STORY AND PHOTOS BY JANIE ROSMAN
Determined to prevent an anticipated barrage of non-resident cars on village streets when the new bridge’s walking and bicycle path opens, South Nyack officials presented several solutions, including help from a smart phone.
“This is a long way from happening and it’s not in cement,” Mayor Bonnie Christian told the packed firehouse meeting room Tuesday night.
She was referring to a parking app that electronically monitors where nonresidents park and for how long, and integrates with police license plate readers to see if a parked car belongs to a resident or to a visitor and if the occupied spot is paid for or not.
What began as a casual study to see who was parking on village streets and why became a race to protect South Nyack from the state’s largest design-build infrastructure project. “The residents are concerned about parking issues arising from the new bridge and shared use path, and the parking committee researched several programs, including Parkmobile,” Christian said.
Three years earlier (fall 2014), the newly-formed parking committee—Trustee Nancy Willen, Police Chief Brent Newbury, Kendol Leader and Bruce Forrester—began noting drivers park in South Nyack and go to other destinations. Specifically, the number of vehicles (230 per day) parked increased during street fairs and other events in Nyack.
On more than one occasion, Leader and Forrester counted on foot “easy 1,500 cars parked in South Nyack for the Nyack street fair, and sometimes up to 2,100 cars,” Willen said. Factor in the Thruway Authority’s 2014 parking demand study for the new path that concluded 59 percent of the 473 peak-hour visitors (within a 15-mile radius in Westchester and Rockland) will arrive by car.
South Nyack is also bracing for the Lower Hudson Transit Link—that will stop within Interchange 10 (South Franklin Extension) in South Nyack and at Artopee Way in Nyack—that will replace Tappan ZEExpress next November. The committee anticipates the buses’ new features like signal priorities and ramp metering will attract riders.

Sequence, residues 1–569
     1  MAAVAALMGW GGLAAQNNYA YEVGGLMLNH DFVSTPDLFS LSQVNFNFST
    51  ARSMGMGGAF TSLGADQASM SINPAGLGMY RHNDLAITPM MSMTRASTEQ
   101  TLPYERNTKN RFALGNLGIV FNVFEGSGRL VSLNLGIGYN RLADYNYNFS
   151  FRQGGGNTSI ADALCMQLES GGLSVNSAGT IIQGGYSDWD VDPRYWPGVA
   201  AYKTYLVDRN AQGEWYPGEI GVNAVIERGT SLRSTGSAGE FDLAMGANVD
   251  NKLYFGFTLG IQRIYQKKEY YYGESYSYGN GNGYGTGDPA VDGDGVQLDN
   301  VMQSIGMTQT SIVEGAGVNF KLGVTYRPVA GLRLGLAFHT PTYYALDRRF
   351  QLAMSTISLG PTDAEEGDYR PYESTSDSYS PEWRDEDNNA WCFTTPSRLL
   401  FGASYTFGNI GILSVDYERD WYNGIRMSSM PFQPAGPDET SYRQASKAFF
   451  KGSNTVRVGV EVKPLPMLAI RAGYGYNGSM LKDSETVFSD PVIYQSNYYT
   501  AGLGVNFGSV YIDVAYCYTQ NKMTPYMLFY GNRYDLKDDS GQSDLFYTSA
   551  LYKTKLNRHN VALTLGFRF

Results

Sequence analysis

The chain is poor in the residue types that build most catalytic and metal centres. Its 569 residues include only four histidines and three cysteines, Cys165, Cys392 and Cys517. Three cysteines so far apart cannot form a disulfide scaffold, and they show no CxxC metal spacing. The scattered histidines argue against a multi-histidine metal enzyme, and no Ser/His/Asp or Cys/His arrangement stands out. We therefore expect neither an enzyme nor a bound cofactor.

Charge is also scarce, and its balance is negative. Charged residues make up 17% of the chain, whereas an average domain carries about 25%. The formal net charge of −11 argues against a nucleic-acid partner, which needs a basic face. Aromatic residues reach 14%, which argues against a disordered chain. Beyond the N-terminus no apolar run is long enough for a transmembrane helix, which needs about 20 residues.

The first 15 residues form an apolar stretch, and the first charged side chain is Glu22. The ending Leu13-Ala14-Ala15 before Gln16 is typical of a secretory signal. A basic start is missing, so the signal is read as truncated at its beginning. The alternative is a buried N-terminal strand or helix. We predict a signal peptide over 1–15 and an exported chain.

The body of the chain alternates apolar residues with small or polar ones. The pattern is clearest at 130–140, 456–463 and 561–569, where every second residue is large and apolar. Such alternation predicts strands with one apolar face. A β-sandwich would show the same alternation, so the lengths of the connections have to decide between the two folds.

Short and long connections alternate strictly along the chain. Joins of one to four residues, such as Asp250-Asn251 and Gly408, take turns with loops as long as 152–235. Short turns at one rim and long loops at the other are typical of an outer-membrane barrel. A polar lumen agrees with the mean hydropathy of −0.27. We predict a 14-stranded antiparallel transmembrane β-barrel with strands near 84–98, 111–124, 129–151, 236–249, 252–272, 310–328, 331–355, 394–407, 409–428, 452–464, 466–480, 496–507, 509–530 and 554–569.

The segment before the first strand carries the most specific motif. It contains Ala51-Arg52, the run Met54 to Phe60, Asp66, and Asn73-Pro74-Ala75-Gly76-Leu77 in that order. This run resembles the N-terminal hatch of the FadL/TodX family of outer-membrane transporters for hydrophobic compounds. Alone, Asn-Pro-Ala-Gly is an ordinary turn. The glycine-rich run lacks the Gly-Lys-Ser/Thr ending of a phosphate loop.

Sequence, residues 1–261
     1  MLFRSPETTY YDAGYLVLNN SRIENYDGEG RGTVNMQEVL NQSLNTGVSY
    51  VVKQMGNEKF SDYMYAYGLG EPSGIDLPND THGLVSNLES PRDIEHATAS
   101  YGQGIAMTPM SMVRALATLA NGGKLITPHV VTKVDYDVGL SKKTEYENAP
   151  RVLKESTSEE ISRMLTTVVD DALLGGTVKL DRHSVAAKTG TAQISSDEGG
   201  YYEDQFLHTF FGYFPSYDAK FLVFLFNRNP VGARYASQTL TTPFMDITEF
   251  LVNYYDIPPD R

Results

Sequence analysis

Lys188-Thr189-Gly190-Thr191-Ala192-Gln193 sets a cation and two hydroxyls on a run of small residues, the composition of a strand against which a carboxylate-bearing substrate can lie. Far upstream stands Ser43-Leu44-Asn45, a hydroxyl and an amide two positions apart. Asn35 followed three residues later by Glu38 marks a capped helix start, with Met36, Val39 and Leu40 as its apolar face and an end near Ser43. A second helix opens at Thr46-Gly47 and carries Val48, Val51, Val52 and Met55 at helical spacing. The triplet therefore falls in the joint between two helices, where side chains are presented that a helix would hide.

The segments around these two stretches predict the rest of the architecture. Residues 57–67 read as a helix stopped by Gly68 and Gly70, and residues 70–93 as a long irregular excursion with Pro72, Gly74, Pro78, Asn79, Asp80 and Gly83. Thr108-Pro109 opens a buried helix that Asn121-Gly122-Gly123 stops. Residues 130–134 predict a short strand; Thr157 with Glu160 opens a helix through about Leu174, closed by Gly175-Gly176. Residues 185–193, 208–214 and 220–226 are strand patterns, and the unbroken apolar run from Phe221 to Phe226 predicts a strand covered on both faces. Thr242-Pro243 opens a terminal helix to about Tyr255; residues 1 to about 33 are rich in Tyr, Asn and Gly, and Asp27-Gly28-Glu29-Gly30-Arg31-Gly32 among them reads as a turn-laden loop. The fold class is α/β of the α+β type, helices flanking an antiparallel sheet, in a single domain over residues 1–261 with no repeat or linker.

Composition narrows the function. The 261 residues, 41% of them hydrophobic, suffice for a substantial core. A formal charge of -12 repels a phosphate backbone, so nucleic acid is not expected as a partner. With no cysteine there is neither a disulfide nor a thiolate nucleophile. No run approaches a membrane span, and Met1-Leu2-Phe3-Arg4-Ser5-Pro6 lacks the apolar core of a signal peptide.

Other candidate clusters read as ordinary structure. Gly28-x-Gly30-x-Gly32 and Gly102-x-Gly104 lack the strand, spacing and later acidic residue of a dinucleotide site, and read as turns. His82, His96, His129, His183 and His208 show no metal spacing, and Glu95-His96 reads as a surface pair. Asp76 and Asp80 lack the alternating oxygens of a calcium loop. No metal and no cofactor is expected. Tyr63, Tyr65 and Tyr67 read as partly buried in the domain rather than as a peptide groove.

“We don’t know how many people are going to take the bus,” Willen said. Factor in visitors to Pavion Nyack apartments, which allow a certain number of spots per unit. “How are we going to handle all of these cars?”
Because the village didn’t want meters or kiosks, “we (parking committee) looked into different companies. We researched all the different towns and villages in this area and we found many municipalities use parking apps,” Willen said. “You use your cell phone and call in for a parking space and pay for it remotely.”
Non-residents and occasional visitors, and those without the app, can call a toll-free number and pay via credit card. Metro North Railroad stations including Irvington (Westchester County) and Nanuet implement the pay-by-phone system; up to five cars can be attached to one account.
Other village parking options included two-hour limitation and resident permits via radio frequency identification (RFID) like the E-ZPass system, where a reader recognizes the tag on a car and communicates with an electronic toll reader at booths or the new bridge’s overhead gantries.
The cost of updating the Parkmobile (or other vendor’s) app daily with vehicle information would be offset by non-resident parking fees grossed by the village.
Based upon loose calculations, when such a program is implemented, South Nyack could annually gross between $450,000 and $665,000 revenue for daily parking during an eight-hour business day. For special events parking like the Nyack Street Fair, depending upon per-hour charges, the village could annually gross between $100,000 and $265,000.
“The meeting and residents’ responses were positive,” Christian said. Moving forward, the board will discuss the parking app option and hasn’t determined which company will provide the service if/when the idea is approved.
Note: While shared path users can park for free in the 54-spot lot on Thruway Authority property, there will be a time limit for use. South Nyack’s decision does not affect this area.